The hygiene hypothesis revisited: Does exposure to infectious agents protect us from allergy?

Anna B. Fishbein, Ramsay L. Fuleihan*

*Corresponding author for this work

Research output: Contribution to journalReview articlepeer-review

51 Scopus citations


Purpose of review: The increase in incidence and prevalence of allergic disease remains a mystery and cannot be explained solely by genetic factors. The hygiene hypothesis provides the strongest epidemiological explanation for the rise in allergic disease. This review evaluates the recent epidemiological and mechanistic research in the role of infectious agents in the pathogenesis of or protection from allergic disease. Recent findings: Recent literature has extended the epidemiological findings of the protective effect of being born and reared in a farm environment and associates an increased diversity of organisms in house-dust samples with protection from allergic disease. Furthermore, human and animal studies provide increasing evidence for the role of both the innate and adaptive immune systems, including regulatory cells, as mediators of this protective effect. Summary: There is evidence that exposure to some infectious organisms can protect from atopy, whereas other infections appear to promote allergic diseases. The timing of exposure to infection and the properties of the infectious agent, in addition to the genetic susceptibility of the host, play an important role in the future development of allergic disease.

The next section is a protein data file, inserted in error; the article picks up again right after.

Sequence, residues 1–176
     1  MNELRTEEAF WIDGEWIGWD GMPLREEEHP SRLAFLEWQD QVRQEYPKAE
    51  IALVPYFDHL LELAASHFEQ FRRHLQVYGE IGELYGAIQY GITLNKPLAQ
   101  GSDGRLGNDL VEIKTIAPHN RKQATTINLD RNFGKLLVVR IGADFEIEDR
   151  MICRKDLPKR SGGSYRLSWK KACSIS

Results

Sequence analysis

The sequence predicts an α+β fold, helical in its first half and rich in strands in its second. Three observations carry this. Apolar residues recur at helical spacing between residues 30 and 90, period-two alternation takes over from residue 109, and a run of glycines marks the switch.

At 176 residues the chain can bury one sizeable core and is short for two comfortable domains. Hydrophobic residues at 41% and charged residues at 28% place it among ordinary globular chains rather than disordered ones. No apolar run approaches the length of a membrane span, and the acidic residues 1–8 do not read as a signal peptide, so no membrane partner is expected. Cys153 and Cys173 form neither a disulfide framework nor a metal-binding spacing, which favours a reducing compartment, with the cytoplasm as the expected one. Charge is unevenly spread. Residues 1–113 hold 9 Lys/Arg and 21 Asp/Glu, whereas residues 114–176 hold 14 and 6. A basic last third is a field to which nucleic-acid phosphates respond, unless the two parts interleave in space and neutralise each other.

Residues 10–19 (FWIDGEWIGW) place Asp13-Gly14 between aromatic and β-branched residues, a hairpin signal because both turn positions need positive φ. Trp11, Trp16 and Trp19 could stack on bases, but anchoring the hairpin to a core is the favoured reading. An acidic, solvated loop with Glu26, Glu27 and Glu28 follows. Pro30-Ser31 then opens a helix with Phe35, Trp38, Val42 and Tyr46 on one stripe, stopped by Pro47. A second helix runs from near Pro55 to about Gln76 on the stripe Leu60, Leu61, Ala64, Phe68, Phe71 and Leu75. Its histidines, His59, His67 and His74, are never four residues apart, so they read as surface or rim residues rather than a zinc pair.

Original languageEnglish (US)
Pages (from-to)98-102
Number of pages5
JournalCurrent opinion in pediatrics
Issue number1
StatePublished - Feb 2012


  • allergy
  • farm-rearing
  • hygiene hypothesis
  • infection
  • regulatory cells

ASJC Scopus subject areas

  • Pediatrics, Perinatology, and Child Health


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